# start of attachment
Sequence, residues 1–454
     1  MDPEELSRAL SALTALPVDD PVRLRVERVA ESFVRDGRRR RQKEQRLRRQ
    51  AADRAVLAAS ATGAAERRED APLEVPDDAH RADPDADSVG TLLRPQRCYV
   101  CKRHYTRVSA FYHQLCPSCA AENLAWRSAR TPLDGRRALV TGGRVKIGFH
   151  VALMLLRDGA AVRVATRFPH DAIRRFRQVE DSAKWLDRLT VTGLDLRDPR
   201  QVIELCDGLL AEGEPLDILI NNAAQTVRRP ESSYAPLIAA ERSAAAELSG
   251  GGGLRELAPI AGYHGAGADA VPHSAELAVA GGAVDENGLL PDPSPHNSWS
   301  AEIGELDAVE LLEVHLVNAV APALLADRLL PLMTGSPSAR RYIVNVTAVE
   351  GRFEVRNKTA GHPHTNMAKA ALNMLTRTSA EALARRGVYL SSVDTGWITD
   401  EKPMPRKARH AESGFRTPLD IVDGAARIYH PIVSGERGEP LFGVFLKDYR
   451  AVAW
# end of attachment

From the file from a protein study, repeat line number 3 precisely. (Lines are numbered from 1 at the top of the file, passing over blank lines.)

    51  AADRAVLAAS ATGAAERRED APLEVPDDAH RADPDADSVG TLLRPQRCYV